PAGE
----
If you're feeling good about the market, you're not alone. Take my hand as we go over some of this week's more uplifting headlines.
1. Take a picture -- it'll last longer
Shutterfly (Nasdaq: SFLY ) isn't above taking advantage of a competitor while it's down.
The fast-growing photofinishing website is paying $23.8 million to acquire Kodak's Rolodex. Bankruptcy-mired Kodak will transfer Kodak Gallery accounts and uploaded snapshots to Shutterfly. It remains to be seen how many of Kodak Gallery's 75 million users will ultimately be transferred, but Shutterfly's going to be acquiring a lot of new accounts for pocket change apiece.
Shutterfly shouldn't have a problem reaching out to Kodak Gallery members, offering to take their salvaged digital snapshots and turn them into keepsake photo books or any of its other popular snapshot-centric merchandise.
2. Evolution with friends
Zynga (Nasdaq: ZNGA ) wants to be the home team.
After a couple of years of benefiting from being a star pupil on Facebook and having a hot smartphone app, Zynga is turning its namesake website into a gaming hub.
This is big on a few different levels.
For starters, if Zynga gets casual gamers to lean on its website when they're craving a quick gaming fix, it will make it easier for the company to promote its other offerings.
Zynga will naturally continue to be a staple on Facebook. Why not? Zynga accounted for 12% of Facebook's revenue last year. Having its own site will mean more control over virtual currency and other add-ons that Zynga can now market directly.
Perhaps the coolest thing about this move is that Zynga will let select developers publish some of their diversions on its platform. Zynga is the new Facebook! The stock jumped 10% on the news yesterday, so clearly the market gets how good this can ultimately be.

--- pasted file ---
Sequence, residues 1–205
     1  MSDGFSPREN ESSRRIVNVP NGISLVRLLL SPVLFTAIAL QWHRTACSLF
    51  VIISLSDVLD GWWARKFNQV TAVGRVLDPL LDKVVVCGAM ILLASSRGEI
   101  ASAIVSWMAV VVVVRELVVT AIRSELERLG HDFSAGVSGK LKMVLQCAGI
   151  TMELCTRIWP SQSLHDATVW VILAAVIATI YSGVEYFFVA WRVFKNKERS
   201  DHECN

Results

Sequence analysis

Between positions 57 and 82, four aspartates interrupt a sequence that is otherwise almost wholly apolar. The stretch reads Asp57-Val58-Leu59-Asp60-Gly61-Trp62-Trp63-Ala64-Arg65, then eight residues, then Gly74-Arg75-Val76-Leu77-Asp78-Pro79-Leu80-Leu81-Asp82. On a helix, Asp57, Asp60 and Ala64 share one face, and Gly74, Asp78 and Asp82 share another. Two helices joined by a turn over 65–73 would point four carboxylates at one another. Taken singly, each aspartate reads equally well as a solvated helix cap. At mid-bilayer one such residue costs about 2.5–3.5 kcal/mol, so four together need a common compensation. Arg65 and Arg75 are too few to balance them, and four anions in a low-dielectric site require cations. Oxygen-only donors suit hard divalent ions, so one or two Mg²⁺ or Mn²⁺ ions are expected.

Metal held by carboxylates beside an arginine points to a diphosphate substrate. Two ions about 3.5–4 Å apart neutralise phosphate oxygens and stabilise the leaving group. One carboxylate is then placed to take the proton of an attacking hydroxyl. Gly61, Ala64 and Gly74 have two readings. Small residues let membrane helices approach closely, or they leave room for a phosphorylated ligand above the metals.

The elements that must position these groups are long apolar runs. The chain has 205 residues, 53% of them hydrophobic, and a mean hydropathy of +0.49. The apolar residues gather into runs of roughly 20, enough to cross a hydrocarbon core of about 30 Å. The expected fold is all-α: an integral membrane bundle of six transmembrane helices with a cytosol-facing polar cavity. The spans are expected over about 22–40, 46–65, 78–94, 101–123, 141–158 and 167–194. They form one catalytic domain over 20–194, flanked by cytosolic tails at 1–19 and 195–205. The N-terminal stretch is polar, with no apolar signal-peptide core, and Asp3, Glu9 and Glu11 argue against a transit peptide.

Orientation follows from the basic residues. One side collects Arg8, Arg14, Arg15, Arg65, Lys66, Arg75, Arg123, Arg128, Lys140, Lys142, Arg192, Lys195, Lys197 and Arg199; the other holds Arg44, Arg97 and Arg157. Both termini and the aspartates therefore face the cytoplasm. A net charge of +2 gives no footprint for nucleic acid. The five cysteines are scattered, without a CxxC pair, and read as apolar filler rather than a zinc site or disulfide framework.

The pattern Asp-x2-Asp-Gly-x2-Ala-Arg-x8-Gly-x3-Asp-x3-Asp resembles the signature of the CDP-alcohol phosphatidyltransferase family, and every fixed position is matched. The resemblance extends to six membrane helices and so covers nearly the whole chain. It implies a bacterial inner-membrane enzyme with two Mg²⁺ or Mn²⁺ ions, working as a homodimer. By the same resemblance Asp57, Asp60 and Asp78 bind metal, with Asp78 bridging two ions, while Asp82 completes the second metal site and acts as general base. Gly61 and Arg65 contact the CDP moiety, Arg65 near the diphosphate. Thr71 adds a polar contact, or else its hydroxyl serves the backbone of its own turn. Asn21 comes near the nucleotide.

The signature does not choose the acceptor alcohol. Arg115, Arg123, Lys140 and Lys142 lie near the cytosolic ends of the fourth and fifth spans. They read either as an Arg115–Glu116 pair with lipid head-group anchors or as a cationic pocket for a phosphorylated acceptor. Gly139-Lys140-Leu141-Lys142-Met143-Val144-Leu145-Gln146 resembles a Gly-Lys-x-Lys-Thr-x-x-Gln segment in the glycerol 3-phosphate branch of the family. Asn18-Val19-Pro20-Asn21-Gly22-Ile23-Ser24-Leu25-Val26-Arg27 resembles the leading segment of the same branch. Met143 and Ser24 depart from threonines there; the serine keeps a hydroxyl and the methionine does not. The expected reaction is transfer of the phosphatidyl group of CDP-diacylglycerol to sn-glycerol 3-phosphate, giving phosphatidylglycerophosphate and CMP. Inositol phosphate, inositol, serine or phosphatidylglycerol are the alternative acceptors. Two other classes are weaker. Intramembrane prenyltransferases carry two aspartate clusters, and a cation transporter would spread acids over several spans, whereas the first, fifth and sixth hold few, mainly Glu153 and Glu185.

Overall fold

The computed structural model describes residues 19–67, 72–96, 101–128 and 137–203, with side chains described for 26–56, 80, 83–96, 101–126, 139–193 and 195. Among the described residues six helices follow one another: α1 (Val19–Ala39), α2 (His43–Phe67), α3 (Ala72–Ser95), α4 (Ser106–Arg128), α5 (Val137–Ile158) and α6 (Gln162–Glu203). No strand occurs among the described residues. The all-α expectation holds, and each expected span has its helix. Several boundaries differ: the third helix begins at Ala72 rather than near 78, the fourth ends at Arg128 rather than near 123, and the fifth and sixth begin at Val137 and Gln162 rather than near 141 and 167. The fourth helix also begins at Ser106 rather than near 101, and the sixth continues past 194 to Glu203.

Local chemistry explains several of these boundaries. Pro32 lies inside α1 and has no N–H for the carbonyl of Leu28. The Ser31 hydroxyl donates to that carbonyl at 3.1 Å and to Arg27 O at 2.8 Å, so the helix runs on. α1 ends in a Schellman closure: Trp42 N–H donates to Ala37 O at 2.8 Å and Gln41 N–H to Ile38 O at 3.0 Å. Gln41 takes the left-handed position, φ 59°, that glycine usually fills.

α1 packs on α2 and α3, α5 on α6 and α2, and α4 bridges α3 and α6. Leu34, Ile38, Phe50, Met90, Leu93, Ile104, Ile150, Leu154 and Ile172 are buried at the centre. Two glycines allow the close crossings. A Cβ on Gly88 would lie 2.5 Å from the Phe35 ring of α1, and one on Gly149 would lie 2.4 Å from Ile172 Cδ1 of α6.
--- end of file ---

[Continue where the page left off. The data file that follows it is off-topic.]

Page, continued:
3. ZAGG -- you're it
When nearly a third of your outstanding shares are sold short, all it takes is a mildly positive earnings report to trigger a short squeeze.
ZAGG (Nasdaq: ZAGG ) posted better-than-expected results on Wednesday. Net sales soared 131% to $67.5 million, and its adjusted profit clocked in at $0.27 a share. Analysts were betting on net income of $0.20 a share on $64 million in net sales.
The pros can't say they weren't warned. ZAGG had actually bumped its sales guidance higher three times since last summer.
A little more than half of ZAGG's sales come from the invisibleSHIELD line of protective film covers for tablet and smartphone screens. The balance comes from other gadgetry accessories. Bears feel that this is a cutthroat market, but ZAGG continues to deliver impressive margins as it grows its retail presence.
The future seems bright. ZAGG sees adjusted EBITDA growing 21% to 32% higher this year, and net sales climbing another 40%.
One doesn't have to go out on a limb to call it a winner sight unseen. This is Apple. You know it's going to be a big seller.
Apple makes the cut on the list this week for chatter about what some analysts are reporting will happen with the iPad 2.
DigiTimes -- the Asian publication that usually has a good read on what Apple's suppliers are up to -- is reporting that Apple will begin selling an 8-gigabyte version of the iPad 2 at a lower price point.
This is brilliant. For starters, the cheapest iPad 2 on the market has double the storage capacity of the rumored entry-level replacement. If Apple were to offer the new iPad 2 at $399 or even $299 it's not as if iPad buyers earlier this month can claim that the world's most valuable tech company cut prices on their model.
Limiting the storage capacity will also prevent the cheaper iPad 2 from eating into the new iPad's sales. Matching the storage capacity of the smaller and cheaper $199 Kindle and Nook tablets will be targeting those entry-level gadgets instead.
5. Even things up
The lodging industry is flexing some new muscles.
Holiday Inn parent InterContinental (NYSE: IHG ) introduced the Even brand of hotels. When the new inns begin opening next year, guests seeking a more active travel experience will be treated to rooms that feature exercise mats, weight benches, and enough room and natural light to take in some yoga.
Have you seen those tiny gyms with rundown fitness equipment? The Even gyms will be much larger and located prominently behind the front desk. Naturally, the restaurant menus will also cater to healthier dining habits.
In a sea of cookie-cutter lodging, InterContinental will stand out by targeting a niche audience.